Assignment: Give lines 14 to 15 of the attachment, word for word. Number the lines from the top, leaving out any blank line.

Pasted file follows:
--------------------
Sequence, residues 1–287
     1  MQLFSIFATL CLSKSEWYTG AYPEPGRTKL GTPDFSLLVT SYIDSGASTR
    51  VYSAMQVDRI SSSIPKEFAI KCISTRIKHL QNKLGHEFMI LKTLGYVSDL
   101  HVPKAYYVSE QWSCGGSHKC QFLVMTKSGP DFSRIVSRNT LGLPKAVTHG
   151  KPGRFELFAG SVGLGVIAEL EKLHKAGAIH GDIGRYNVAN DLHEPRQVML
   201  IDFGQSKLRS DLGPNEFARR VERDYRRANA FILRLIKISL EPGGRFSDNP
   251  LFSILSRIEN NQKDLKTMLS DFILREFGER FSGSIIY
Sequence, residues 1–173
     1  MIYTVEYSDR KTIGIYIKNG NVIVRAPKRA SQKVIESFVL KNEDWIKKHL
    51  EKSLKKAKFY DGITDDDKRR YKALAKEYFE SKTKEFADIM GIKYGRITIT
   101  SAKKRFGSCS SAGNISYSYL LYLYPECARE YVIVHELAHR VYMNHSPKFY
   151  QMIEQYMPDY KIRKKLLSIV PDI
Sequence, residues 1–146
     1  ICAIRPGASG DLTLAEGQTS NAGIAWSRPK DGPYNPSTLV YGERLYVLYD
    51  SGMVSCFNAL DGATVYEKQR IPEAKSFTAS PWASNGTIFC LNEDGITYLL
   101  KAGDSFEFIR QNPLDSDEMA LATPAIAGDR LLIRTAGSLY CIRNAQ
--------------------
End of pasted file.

     1  ICAIRPGASG DLTLAEGQTS NAGIAWSRPK DGPYNPSTLV YGERLYVLYD
    51  SGMVSCFNAL DGATVYEKQR IPEAKSFTAS PWASNGTIFC LNEDGITYLL